European and American explorers had attempted to reach the South Pole since British Capt. Robert Falcon Scott's expedition of 1904. Scott, along with fellow Antarctic explorers Ernest Shackleton and Edward Wilson, came within 660 kilometres of the pole, but turned back due to weather and inadequate supplies.
Shackleton and Scott were determined to reach the pole. Scott worked with scientists, intent on using the best techniques to gather data and collect samples.
Shackleton also conducted scientific surveys, although his expeditions were more narrowly focused on reaching the South Pole. He came within 160 kilometres of the pole in 1907, but again had to turn back due to weather.
Scott gathered public support and public funding for his 1910 Terra Nova expedition. He secured provisions and scientific equipment. In addition to the sailors and scientists on his team, the Terra Nova expedition also included tourists – guests who helped finance the voyage in exchange for taking part in it.
On the way to Antarctica, the Terra Nova expedition stopped in Australia to take on final supplies. Here, Scott received a surprising telegram from Norwegian explorer Roald Amundsen: "Beg leave to inform you Fram [Amundsen's ship] proceeding Antarctic."
[Antarctic explorer Robert Falcon Scott and his group – Creative Commons]
Amundsen was apparently racing for the pole, ahead of Scott, but had kept all preparation secret. His initial ambition, to be the first to reach the North Pole, had been thwarted by American explorers Frederick Cook and Robert Peary, both of whom claimed to reach the North Pole first. (Both claims are now disputed, and Amundsen's flight over the North Pole is generally recognised as the first verified journey there.)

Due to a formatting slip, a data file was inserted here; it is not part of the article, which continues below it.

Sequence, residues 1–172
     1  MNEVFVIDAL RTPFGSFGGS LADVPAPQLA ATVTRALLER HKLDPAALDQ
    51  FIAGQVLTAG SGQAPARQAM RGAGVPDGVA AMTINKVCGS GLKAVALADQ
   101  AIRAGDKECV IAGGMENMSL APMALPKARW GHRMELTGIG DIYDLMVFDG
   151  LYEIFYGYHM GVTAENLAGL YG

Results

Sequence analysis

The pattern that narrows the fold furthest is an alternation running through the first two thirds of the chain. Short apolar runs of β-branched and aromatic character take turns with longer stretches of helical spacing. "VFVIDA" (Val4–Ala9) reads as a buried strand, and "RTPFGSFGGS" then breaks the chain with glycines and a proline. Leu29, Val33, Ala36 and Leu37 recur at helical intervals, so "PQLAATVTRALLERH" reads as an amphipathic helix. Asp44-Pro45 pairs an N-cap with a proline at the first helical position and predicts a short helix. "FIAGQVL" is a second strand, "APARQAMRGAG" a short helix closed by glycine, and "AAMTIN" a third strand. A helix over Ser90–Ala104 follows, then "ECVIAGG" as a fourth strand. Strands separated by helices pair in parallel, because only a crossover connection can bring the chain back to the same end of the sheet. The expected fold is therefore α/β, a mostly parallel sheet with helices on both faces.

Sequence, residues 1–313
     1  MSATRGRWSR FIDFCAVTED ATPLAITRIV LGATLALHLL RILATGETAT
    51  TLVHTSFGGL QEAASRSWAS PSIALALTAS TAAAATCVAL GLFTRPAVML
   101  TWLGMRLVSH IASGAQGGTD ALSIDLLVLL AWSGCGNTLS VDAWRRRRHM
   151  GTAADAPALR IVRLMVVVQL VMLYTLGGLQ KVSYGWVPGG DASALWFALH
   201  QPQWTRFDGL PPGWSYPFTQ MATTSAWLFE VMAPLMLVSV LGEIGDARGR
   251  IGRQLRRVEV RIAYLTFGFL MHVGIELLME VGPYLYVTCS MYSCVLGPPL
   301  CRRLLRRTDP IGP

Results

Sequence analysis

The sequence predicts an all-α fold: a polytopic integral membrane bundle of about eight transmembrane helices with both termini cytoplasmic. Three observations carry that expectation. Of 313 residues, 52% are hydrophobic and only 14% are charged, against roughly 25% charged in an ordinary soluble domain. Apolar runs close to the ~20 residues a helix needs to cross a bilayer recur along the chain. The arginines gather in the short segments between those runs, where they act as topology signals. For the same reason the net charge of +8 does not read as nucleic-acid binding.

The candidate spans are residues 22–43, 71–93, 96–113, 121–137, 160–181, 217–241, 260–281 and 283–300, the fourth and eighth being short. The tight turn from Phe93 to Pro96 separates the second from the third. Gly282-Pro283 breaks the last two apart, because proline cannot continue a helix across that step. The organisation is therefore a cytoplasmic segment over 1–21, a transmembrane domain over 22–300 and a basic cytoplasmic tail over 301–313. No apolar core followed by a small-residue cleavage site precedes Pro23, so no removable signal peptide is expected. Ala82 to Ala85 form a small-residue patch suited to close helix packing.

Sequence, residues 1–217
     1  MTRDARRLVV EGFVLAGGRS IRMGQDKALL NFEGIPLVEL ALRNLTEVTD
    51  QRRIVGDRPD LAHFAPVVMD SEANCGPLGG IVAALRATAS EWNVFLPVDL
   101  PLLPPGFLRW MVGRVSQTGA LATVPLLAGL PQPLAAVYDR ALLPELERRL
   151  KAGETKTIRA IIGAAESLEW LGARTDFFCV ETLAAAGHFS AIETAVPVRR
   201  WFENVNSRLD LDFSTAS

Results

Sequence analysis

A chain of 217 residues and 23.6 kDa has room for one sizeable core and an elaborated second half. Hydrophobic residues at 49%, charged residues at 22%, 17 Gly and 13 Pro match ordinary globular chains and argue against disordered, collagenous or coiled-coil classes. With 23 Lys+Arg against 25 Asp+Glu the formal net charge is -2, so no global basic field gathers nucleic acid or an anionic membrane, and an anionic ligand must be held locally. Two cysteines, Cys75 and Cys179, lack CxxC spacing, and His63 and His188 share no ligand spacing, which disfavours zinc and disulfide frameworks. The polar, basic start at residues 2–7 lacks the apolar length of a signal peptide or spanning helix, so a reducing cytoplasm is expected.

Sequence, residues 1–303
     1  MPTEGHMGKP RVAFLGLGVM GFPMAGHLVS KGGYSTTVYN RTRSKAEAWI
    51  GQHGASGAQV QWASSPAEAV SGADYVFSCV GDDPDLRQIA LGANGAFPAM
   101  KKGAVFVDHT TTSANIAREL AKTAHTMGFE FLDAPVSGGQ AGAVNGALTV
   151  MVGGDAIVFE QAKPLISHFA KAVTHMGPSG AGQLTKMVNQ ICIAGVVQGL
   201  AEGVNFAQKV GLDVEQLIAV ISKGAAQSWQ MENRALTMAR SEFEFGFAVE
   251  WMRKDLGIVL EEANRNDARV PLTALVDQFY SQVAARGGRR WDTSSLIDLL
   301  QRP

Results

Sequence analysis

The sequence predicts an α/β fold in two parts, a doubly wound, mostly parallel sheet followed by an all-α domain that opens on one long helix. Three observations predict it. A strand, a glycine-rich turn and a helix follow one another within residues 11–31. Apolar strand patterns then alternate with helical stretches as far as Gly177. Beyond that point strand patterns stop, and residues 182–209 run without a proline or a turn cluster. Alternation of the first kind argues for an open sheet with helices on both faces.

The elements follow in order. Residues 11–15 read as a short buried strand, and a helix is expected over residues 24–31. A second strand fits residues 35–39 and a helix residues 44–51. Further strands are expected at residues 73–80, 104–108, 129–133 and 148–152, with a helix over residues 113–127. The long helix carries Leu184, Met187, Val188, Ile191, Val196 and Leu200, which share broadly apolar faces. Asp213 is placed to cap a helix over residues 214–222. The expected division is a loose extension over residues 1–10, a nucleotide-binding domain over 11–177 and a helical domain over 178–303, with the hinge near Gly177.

The Terra Nova and Fram expeditions arrived in Antarctica about the same time, in the middle of the Antarctic summer (January). They set up base camps about 640 kilometres apart. As they proceeded south, both expeditions established resupply depots with supplies for their return journey. While Scott's team stuck to a route forged by Shackleton years earlier, Amundsen took a new route.
Scott proceeded with scientific and expeditionary equipment hauled by dogs, ponies, and motor sledges. The motorized equipment soon broke down, and the ponies could not adapt to the harsh Antarctic climate. Even the sled dogs became weary. All the ponies died, and most members of the expedition turned back. Only four men from the Terra Nova expedition (including Scott's friend Wilson) proceeded with Scott to the pole.
Amundsen travelled by dog sled, with a team of explorers, skiers, and mushers. The foresight and navigation paid off: Amundsen reached the pole in December 1911. He called the camp Polheim, and the entire Fram expedition successfully returned to their resupply depots, ship, and Norway.
[The routes to the South Pole taken by Scott (green) and Amundsen (red) – Creative Commons]
More than a month later, Scott reached the South Pole, only to be met by Amundsen's camp – he had left a tent, equipment, and supplies for Scott, as well as a note for the King of Norway to be delivered if the Fram expedition failed to make it back.
Disheartened, Scott's team slowly headed back north. They faced colder temperatures and harsher weather than Amundsen's team. They had fewer supplies. Suffering from hunger, hypothermia, and frostbite, all members of Scott's South Pole expedition died fewer than 18 kilometres from a resupply depot.
American explorer Richard E. Byrd became the first person to fly over the South Pole, in 1926, and the Amundsen–Scott South Pole Station was established thirty years later.
However, the next overland expedition to the South Pole was not made until 1958, more than 40 years after Amundsen and Scott's deadly race.
The 1958 expedition was led by legendary New Zealand mountaineer Sir Edmund Hillary, who had become the first person to scale Mount Everest in 1953.